It’s exquisitely animated, too, the kaleidoscopic city of the dead and the floating bridges of shimmering marigolds being the most obviously spectacular showpieces. Yet it’s the smaller details that truly take your breath away: the weathered skin of elderly relatives, worn and etched with memories; the warm glow of a melting candle; or the scuffed cobbled streets of Santa Cecilia, so authentic that it requires a double take when you see a cartoon boy racing across them.

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Such beauty will help to keep you captivated when the bum notes are inevitably struck. The middle chunk of the movie falls flat as Miguel and Hector become trapped in a mechanical series of underwhelming hijinks, lurching across the city in search of Miguel’s ancestors. It’s telling that this lull comes when Coco adheres closest to formula, hitting all the usual beats with familiar a timing and rhythm. Suddenly, there’s less energy and charming authenticity, and the pace drags as a result.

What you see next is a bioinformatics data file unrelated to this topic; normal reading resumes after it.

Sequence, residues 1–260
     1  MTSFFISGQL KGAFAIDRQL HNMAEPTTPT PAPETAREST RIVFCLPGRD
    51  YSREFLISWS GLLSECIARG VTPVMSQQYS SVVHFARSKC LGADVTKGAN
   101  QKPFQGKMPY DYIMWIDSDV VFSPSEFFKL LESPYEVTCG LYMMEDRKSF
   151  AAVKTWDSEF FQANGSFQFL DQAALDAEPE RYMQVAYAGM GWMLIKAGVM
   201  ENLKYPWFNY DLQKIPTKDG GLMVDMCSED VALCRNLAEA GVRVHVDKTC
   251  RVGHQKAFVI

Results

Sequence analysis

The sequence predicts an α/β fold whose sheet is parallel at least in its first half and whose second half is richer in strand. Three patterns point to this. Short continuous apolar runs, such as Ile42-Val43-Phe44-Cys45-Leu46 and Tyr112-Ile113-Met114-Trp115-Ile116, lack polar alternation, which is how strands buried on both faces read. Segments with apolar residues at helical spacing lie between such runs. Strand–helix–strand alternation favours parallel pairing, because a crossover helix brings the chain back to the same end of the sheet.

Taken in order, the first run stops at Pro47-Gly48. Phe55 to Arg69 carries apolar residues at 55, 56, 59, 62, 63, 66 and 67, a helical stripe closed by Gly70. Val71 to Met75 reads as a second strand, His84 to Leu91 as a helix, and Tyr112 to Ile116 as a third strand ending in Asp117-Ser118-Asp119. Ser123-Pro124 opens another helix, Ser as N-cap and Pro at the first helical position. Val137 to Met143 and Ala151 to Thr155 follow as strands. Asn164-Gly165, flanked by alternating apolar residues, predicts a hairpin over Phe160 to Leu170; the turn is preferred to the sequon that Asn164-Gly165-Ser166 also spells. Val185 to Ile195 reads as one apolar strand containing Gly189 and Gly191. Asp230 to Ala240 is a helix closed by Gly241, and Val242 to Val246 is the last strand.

Yet when every thing is played in tune, Coco is a lively, breezily entertaining adventure filled with clever gags, endearing characters and some exceptionally ear-worming songs curtesy of Frozen’s Kristen Anderson-Lopez and Robert Lopez. At it’s very core, though, is a complex, thoughtful story about a young boy coming to terms with death and learning to cherish his loved ones. And when it gently eases into its touchingly tender resolution, everyone watching will need to wipe a tear from their eye… even a skeleton.

Runtime: 105 mins (prox.)
Director: Lee Unkrich
Screenwriters: Adrian Molina, Matthew Aldrich
Stars: Anthony Gonzalez, Gael Garcia Bernal, Benjamin Bratt, Alanna Ubach